With its Milk Market, Hunt Museum and the River Shannon to enjoy, Limerick is perfect for a short, and very indulgent, break, writes Denise O’Donoghue.
Considering it is only a 90-minute journey from Cork, I was surprised to realise how seldom I set foot in Limerick city. An invite from the Savoy Hotel soon tempted me to pay an overdue visit to the neighbouring county and take in the sights, sounds, and tastes of the Treaty City. It was to be a weekend filled with food and fun for a mother-daughter duo.
We travelled to Limerick via bus, but those driving can avail of the hotel’s valet parking and concierge service before checking in. We chose to start our five-star weekend with a short, comfortable bus journey from Cork city. The bus station — which is also the train station for those arriving by rail — is a five-minute stroll away from the hotel, so we enjoyed a short trip through the quiet city streets that morning.
After dropping off our belongings at the hotel, our first port of call was Limerick’s famous Milk Market, which has been part of the city since 1852. The open-air Milk Market is filled to the brim with stalls offering a selection of tasty treats for all palettes, as well as some non-food produce too. For this trip, however, we had eyes only for food, and the Savoy’s head chef, Graeme Campbell, was our guide through the food haven.
We paid a visit to Da Vincenzo’s stall, where we were told about their authentic Italian produce which they use in their restaurant at the Savoy’s sister hotel, The George before we followed our sweet tooths and moved over to a nearby chocolate shop. Wilde Irish Chocolates make their goodies on the shores of Lough Derg in Clare, and we were delighted to hear from Trish that they offer free tours of the factory — we’re already planning a visit to Clare. Finally, we stopped by the Flying Cheese Brigade to sample a variety of the cheeses they have on offer, a tempting treat for any enthusiastic foodie.
After an enjoyable stroll around the Milk Market and with a coffee in hand for the journey, we waddled over to the nearby Hunt Museum.
We also wandered upstairs to view some of the art and artefacts which belonged to the Hunt family. John and Gertrude Hunt, who lived in the house, collected bits and pieces from around the world — these include an early Picasso piece, a cross owned by Mary Queen of Scots and what is rumoured to be one of the pieces of silver Judas received for betraying Jesus.
You can easily lose an afternoon in this historical and cultural treasure trove, and free tours are available every hour with one of the museum’s ‘Docent’ guides. Admission to the museum costs €5, but it is free on Sundays.
There is an additional charge to view special exhibitions.
We returned to the Savoy for a delicious afternoon tea. We were spoilt for choice with scones, cakes, sandwiches and treats aplenty, as well as a steady flow of champagne.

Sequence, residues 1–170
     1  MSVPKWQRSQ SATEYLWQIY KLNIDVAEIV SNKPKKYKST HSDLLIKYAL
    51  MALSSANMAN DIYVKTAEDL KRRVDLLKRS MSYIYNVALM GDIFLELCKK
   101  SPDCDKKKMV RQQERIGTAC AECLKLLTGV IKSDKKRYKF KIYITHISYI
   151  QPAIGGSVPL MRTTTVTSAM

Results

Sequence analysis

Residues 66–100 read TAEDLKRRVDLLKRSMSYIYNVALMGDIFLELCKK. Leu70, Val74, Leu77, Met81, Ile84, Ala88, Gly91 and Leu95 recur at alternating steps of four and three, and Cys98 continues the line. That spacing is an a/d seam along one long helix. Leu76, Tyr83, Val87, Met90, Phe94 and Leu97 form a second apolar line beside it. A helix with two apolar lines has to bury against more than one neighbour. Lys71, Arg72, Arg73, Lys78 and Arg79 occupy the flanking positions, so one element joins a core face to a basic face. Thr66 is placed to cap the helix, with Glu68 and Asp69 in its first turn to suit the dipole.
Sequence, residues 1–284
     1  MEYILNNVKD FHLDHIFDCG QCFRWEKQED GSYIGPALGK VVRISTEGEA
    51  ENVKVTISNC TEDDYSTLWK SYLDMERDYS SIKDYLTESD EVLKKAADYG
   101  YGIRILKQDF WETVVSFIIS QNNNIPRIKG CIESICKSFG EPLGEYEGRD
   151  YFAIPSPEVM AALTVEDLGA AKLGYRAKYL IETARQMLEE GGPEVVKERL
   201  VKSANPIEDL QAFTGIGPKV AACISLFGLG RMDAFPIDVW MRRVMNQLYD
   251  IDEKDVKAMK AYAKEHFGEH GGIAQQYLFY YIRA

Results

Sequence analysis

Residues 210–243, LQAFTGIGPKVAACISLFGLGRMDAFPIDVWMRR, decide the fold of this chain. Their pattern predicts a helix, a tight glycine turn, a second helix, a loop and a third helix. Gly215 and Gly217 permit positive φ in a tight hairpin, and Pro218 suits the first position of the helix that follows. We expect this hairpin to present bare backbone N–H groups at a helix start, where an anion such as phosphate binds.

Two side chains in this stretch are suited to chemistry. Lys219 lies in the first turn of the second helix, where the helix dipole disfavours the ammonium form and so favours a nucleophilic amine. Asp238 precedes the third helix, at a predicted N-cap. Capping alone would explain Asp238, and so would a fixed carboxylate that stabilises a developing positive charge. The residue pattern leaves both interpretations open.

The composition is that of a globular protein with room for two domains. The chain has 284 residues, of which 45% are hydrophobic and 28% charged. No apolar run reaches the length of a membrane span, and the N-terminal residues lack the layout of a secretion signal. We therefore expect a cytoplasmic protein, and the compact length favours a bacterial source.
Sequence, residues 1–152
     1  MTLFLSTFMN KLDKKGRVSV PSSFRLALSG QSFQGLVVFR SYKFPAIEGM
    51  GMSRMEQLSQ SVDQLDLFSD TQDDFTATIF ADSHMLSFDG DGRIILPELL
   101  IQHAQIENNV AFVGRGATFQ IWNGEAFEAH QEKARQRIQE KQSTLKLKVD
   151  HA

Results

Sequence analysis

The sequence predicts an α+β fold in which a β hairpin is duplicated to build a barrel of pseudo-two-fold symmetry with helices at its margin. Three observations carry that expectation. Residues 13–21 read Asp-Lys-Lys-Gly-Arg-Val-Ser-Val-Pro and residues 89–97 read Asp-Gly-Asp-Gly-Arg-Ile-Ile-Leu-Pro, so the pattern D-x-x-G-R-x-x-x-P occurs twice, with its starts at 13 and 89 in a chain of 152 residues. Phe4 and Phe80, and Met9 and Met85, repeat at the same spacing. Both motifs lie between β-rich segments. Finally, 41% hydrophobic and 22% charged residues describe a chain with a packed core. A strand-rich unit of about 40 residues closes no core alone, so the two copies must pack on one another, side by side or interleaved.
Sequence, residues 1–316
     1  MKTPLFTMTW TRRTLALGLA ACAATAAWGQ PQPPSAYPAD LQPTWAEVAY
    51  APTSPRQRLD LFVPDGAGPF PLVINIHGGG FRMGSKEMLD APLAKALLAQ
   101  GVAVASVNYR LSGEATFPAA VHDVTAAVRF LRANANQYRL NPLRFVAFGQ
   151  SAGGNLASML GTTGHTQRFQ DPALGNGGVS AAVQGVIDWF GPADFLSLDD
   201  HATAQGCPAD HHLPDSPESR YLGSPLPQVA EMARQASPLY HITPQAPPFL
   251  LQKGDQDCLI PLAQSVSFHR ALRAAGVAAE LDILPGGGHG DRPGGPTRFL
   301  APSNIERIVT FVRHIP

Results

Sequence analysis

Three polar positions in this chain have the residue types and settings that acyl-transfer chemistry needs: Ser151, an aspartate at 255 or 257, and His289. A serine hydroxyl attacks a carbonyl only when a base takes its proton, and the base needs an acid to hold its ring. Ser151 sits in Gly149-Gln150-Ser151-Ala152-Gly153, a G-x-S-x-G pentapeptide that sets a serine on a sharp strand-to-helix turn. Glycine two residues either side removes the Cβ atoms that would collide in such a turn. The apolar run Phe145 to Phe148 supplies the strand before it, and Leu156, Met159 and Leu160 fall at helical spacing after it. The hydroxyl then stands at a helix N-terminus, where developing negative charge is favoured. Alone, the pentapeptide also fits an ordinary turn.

We were served in the Library Bar, a beautiful room lined with bookshelves and pillars adorned with flowers. If there’s a more instagrammable venue in Limerick, I’ve yet to find it. We sank into the comfortable couches and ate until we were fit to burst – and we had only touched around half of what was on offer.
Afternoon tea starts at €27, rising to €45 if you choose to treat yourself to a glass of Bollinger rosé.
The hotel, which is the only five-star in Limerick, is ideally located to make the most of the city centre’s attractions, being just a few minutes walk from the main sights and shops.
For those seeking a more relaxing offering, hotel guests have complimentary use of the Savoy Aqua & Fitness Club, which includes a swimming pool, sauna, steam room and Jacuzzi. We chose to take a walk around the city to try to digest the seemingly bottomless food. Of course, we had the obligatory ‘just a look’ in Penneys and a still beside the River Shannon, before returning for
to indulge in some pre-dinner drinks in the vibrant atmosphere of the Savoy Bar. The bar offers an extensive list of cocktails and is perfect for a get-together and a catch-up.
We moved upstairs to the Savoy Restaurant for course-after-course of high quality, local food for dinner. Remember the local producers we met in the Milk Market?
They featured heavily on the menu that night. The ‘Cheese Showcase’ included samples of cheddar, Crozier blue, brie and more sourced from the Flying Cheese Brigade, while Wilde Irish Chocolates ended the meal on a sweet note.
Also on offer were Limerick strawberries, Union Hall turbot, and Bertha’s Revenge gin and tonic sorbet, which was just as delicious as it sounds.
We retired to our room that night with bellies fit to burst. We sank straight into the luxurious queen beds in our twin room for a glorious night of sleep. We returned home the following day well rested and well fed.
Limerick, we’ll be back.